Mazda working on carbon-neutral biofuel
As Mazda prepares to launch its first electric vehicle onto the market, another division of the Japanese manufacturer is working on extending the life of the internal combustion engine. The latest idea? A carbon-neutral biofuel.
Mazda is providing funding to the Tokyo Institute of Technology, which is studying plant physiology, and Hiroshima University, which is looking at genome editing. Apparently, initial ideas that are gaining traction include growing biofuel from microalgae. It’s carbon-neutral because, when burnt, it releases CO2 that has been removed from the atmosphere through photosynthesis to grow the algae in the first place.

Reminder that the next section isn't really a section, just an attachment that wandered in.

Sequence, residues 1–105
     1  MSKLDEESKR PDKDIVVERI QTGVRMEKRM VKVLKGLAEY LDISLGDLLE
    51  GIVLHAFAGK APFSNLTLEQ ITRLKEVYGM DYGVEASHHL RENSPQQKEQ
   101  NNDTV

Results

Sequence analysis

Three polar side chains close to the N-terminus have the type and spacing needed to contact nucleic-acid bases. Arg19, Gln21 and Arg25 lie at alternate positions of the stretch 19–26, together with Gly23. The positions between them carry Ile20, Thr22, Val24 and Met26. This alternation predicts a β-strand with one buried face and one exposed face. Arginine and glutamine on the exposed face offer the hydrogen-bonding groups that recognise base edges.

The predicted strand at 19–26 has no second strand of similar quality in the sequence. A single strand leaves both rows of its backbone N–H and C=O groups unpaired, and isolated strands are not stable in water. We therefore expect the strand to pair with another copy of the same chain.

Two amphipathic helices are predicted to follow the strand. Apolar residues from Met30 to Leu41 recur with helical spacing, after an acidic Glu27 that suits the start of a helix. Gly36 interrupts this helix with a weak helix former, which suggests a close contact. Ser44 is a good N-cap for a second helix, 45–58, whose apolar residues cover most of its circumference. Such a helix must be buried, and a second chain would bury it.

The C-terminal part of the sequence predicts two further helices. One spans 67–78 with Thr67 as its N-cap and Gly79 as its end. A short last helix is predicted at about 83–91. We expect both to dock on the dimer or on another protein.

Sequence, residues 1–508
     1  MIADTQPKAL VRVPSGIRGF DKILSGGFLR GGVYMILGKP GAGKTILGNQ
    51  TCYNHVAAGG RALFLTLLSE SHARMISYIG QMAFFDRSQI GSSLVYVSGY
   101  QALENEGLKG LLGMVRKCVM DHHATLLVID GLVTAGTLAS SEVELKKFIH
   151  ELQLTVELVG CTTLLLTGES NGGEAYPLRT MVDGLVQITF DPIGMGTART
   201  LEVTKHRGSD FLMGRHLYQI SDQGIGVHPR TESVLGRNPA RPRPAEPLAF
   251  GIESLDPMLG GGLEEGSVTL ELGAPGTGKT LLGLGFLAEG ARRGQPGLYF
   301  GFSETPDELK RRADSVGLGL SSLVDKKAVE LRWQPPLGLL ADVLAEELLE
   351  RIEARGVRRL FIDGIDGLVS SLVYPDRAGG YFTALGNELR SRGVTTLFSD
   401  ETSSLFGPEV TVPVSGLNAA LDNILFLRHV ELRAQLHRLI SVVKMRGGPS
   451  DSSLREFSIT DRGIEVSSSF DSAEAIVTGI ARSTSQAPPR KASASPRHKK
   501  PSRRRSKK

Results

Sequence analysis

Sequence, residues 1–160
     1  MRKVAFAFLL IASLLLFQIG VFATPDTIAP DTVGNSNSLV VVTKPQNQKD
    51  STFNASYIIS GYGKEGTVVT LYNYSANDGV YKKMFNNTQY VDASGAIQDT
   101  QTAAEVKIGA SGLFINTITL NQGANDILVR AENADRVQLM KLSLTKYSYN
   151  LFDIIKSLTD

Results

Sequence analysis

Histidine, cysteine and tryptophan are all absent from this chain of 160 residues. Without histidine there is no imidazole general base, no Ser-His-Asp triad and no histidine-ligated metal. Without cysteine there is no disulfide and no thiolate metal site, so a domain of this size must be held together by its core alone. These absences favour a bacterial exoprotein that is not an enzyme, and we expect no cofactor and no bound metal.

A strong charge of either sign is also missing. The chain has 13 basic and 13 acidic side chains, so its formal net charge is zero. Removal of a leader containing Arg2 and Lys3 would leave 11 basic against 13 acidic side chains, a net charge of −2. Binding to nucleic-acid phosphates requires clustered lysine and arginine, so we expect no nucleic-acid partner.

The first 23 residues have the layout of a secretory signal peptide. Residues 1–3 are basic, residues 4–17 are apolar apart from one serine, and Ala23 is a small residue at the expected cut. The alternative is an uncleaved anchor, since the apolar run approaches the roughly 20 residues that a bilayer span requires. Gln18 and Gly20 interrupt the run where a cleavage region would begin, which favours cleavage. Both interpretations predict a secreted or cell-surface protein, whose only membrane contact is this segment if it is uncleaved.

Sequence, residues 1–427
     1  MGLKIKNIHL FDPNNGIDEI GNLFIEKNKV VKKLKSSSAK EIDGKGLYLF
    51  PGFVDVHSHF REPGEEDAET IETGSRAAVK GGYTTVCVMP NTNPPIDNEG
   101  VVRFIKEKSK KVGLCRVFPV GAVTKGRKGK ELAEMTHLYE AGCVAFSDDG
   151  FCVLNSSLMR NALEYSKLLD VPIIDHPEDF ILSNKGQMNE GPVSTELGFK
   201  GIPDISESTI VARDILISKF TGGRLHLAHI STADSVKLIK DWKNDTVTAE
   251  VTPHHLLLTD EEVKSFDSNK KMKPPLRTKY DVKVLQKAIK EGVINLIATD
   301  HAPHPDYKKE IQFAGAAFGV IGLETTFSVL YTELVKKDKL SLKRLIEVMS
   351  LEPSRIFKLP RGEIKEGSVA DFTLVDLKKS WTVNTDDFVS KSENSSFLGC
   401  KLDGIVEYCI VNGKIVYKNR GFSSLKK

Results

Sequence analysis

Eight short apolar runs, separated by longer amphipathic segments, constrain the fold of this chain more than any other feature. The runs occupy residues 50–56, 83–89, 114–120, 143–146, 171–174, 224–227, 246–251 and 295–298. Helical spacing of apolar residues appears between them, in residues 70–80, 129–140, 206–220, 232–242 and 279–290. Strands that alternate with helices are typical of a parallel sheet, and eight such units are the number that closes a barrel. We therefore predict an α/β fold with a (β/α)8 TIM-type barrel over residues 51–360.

Microalgae can utilise land otherwise unsuitable for agriculture, require minimal water resources and the fuel produced is entirely biodegradable.
According to the US Department of Energy, if microalgae fuel replaced all petrol in the US, its growth would require an area of land equivalent to just 0.42 per cent of the American land mass. That equates to roughly 4.1 million square kilometres.
Mazda anticipates a gradual transition to biofuel, if that path is taken, with both fuels coexisting for a period until engineered fuel usurps petrol.